The other question that had to be answered before the appellate court could reach the merits of the dispute was whether the Prop 8 proponents had standing to appeal. I’ve written about this issue already, and won’t rehash all the details here. In sum, the appellate court had asked the California Supreme Court to weigh in on whether the proponents were proper parties to appeal in cases where the state’s own officials (the Governor and the Attorney General) declined to do so. That court said, essentially, that the proponents could stand in the shoes of the state’s officials, so that someone would be able to defend the measure. Given California’s initiative process, the proponents were “the people” defending the state’s interests.
Once that opinion was handed down, today’s holding by the federal court on the standing issue was a virtual certainty. I’m still not wholly convinced the Supreme Court will find standing in this case, but the odds are very good that it will; it was smart of the California court to base standing on its interpretation of California law, rather than on the more nebulous constitutional standards under which the Supreme Court has decided this question. The high court will likely leave the state court alone.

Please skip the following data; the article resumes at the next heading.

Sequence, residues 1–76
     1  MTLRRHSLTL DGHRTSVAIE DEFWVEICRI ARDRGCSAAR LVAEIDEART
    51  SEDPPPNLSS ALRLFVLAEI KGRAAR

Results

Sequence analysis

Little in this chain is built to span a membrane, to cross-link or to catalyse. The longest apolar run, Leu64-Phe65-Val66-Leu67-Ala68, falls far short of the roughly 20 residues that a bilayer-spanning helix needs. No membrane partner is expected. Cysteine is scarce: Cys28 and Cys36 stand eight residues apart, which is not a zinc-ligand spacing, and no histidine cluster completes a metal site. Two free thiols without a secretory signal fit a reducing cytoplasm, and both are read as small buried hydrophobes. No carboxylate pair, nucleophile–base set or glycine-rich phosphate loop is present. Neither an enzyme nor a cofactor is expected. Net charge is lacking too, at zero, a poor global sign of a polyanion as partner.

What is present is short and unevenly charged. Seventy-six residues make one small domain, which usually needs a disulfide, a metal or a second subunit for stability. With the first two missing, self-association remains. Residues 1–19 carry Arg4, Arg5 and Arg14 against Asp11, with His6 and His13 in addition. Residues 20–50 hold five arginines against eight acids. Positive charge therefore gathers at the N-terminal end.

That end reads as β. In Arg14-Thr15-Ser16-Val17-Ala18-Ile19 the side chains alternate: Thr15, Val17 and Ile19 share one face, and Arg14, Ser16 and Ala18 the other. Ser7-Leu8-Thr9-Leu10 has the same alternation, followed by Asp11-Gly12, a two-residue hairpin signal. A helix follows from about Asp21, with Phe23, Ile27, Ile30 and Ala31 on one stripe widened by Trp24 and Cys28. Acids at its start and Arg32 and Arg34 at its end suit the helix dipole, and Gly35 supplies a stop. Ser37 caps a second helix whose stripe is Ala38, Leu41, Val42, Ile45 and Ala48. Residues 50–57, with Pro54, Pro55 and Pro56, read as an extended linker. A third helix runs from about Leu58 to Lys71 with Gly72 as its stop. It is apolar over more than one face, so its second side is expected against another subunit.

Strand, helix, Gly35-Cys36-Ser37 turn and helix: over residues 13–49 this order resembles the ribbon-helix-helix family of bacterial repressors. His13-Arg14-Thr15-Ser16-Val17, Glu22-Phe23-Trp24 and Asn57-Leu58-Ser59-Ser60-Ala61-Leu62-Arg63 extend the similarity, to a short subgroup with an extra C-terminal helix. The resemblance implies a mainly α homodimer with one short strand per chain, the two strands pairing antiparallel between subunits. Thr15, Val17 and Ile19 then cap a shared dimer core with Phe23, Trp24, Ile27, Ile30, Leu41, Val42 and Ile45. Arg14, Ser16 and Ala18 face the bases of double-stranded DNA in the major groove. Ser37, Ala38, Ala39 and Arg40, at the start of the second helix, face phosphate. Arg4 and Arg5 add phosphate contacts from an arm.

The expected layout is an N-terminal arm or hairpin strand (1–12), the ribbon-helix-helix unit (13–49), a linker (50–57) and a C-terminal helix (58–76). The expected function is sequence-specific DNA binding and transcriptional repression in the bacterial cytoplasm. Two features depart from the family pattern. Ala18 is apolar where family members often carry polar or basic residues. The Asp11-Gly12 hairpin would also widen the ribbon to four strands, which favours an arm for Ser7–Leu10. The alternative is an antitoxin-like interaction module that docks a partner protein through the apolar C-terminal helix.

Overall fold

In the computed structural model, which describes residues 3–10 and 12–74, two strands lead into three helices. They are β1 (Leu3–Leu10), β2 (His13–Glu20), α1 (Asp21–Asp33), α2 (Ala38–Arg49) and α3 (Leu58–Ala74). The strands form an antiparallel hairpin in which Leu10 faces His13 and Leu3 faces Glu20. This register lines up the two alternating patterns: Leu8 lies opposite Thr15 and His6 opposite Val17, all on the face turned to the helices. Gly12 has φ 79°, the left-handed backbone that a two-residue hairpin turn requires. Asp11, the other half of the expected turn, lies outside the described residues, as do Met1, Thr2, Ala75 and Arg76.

So the attempts by both sides to get this case tossed out without reaching the merits were brushed aside, seemingly leaving the central questions of Prop 8 to be decided: (1) Does that measure violate the federal guarantees of equality? (2) Does Prop 8 violate the fundamental right of same-sex couples to marry?